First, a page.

“Our neighbourhood is caught between several forces which are in play here,” read an Aug. 23 letter sent to mayor and council signed by seven Montebello residents. “The WRC is trying to impress their landlord … with their ability to run a recreation facility. So it’s no longer a [racquet] club.”
The residents also expressed frustration over what they feel is an unwillingness on the part of the WRC to work with the neigbourhood on solutions.
“They don’t like us. They came in here with a big attitude that they were going to do whatever they want. That’s what they told us, that we’re going to make as much noise as we want between 8 a.m. and 10 p.m.,” said Cessford. “So their good-neighbour policy has a few flaws.”
Both Cessford and Plazak said they have spoken with Grant about their concerns to no avail, while Grant maintained he is willing to work with them but has yet to hear directly from any residents. He also noted that Beedie Group, which did meet with residents both online and in-person in recent weeks, took the onus to communicate with the neighbourhood, something that will change moving forward.
“I spoke to Beedie last week and we had a nice long conversation about it and what we thought were accommodations that haven’t worked, which we understand, so the next step is for me to sit down and directly speak with the Montebello residents who have concerns about how much activity we have going on here,” Grant said.
Sympathizing with residents’ concerns, Grant noted the club has followed local bylaws and made several concessions to mitigate the noise, including turning the volume down and cutting off the music earlier than advertised.
“So we are making an effort, but I can understand how they would maybe see it appears like we are not—because we are loud. There are a lot of people here,” he said.
Residents have urged the club to relocate both its axe-throwing area and pickleball courts further away from the neighbourhood, but, according to Grant, the layout of the space makes that difficult. Firstly, he said axe-throwing cannot take place in any liquor-licensed space, leaving only a few options—although he did note that the axe-throwing, pickleball and other activities would be moved indoors for the fall in the next few weeks. Relocating the pickleball courts would also be tricky, he said, given the location of stadium lights and bleachers.
“If I were to redesign the club, that’s obviously not where I would put that court. It would be over closer to the parking lot area where there are less residences,” he said.
Grant conceded there are other measures the club is exploring, including erecting soundproof fencing around the outdoor courts. “When I speak to residents this week, it’s a tough ask but I’m going to ask them to be patient,” he added.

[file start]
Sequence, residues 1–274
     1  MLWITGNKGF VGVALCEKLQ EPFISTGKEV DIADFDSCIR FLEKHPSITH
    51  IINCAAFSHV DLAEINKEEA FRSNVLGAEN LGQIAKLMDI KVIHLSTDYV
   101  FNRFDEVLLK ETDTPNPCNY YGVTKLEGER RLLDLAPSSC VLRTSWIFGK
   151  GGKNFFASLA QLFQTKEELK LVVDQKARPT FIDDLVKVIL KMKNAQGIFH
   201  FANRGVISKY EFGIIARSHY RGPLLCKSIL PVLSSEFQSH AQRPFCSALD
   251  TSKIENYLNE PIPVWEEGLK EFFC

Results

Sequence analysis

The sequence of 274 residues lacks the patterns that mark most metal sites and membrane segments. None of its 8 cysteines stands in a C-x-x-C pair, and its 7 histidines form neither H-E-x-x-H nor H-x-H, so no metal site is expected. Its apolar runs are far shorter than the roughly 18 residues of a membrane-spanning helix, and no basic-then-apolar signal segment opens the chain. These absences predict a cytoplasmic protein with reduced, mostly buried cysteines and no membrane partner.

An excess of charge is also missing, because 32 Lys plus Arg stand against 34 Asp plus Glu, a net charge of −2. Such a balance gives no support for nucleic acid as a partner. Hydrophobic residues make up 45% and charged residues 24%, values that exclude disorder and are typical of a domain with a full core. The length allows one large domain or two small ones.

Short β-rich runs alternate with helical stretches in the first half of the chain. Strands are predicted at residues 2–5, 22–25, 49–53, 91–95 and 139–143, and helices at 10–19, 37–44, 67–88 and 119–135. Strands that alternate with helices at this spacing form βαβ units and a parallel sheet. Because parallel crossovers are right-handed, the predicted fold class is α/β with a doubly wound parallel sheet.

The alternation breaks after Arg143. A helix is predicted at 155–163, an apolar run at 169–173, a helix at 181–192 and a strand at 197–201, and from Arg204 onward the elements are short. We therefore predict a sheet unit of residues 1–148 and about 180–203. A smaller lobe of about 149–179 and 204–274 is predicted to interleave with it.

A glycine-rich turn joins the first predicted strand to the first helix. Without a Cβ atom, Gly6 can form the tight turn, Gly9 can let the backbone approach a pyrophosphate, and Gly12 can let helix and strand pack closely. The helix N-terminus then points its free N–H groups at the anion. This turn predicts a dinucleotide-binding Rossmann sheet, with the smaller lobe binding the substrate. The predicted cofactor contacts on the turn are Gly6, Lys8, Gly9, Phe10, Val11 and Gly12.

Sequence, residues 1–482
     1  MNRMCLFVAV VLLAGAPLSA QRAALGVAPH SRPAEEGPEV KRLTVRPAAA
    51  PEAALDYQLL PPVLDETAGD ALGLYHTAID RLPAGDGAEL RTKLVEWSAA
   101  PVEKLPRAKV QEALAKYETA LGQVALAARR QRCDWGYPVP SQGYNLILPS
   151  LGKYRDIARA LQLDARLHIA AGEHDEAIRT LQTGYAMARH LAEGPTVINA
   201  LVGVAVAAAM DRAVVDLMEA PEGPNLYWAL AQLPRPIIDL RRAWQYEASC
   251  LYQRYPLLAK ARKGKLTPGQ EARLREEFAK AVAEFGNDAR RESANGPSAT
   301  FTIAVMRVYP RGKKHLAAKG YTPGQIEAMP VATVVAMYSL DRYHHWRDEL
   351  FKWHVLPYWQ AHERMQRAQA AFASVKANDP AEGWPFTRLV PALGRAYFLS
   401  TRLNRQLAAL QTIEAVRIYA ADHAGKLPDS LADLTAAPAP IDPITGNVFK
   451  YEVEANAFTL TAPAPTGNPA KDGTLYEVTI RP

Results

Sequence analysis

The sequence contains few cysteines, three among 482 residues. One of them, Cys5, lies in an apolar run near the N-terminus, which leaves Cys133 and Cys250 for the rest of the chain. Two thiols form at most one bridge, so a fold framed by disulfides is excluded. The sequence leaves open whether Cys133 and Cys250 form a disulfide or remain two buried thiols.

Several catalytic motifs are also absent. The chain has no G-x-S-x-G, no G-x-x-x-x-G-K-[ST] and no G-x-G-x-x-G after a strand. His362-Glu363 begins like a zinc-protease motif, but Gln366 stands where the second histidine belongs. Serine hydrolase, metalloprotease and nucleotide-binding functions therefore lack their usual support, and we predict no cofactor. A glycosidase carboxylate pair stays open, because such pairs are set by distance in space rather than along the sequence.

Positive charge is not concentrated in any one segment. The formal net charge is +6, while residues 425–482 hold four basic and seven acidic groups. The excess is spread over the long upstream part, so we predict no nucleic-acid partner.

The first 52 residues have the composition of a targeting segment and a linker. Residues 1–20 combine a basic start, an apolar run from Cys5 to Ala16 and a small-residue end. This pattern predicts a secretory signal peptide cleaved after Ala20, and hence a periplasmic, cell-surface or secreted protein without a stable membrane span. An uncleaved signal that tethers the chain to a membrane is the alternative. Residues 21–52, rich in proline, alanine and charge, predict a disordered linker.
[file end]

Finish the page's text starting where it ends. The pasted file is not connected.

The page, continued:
‘We just feel that it’s ours’
Whatever the future of the site may hold, it’s clear the WRC has gained significant traction in a community starved for family-friendly recreational and social space.
“I think when we are at the club and we’re playing pickleball and we get to have dinner and then we get to hear local musicians, we just feel that it’s ours,” said Suzanne Johnston, a WRC member who is usually at the club five days a week. “We feel that we’re back in old Whistler again. It’s so organic. I can’t even describe how much of a sense of community we have there.”
That community feel seems to be all the more desirable after a year and a half of COVID life as well as a worsening labour crisis.
“People are looking for places to go when not all of our businesses are fully functioning. So there’s the strange impact of the labour shortage spilling over into these areas outside of the village,” said Gresley-Jones.
In its latest round of public input on the Northlands rezoning, Gresley-Jones noted “the significant amount of feedback from the tennis group in terms of their interest in seeing those facilities continue forward into the future” as well as “the desire to see a sort of community hub onsite.”
Given the Beedie Group’s desire to develop the site, which is almost sure to come with a housing component given Whistler’s ongoing need, Gresley-Jones said the current amenities could become more centrally located.
“I think the opportunity comes along the street that connects into the site, around what might be a common open space in the centre that may have some of those more community-focused, potentially commercial activities,” he said. “From what we heard from the community, we see those as internal and central to the site, not necessarily where they are currently located.”
Other major themes that emerged out of the feedback included a desire for a spectrum of housing units, green-building standards, and a range of amenities and services like childcare and small commercial enterprises that would address existing gaps in the community.
More substantial design concepts for the site are expected to be presented later this fall.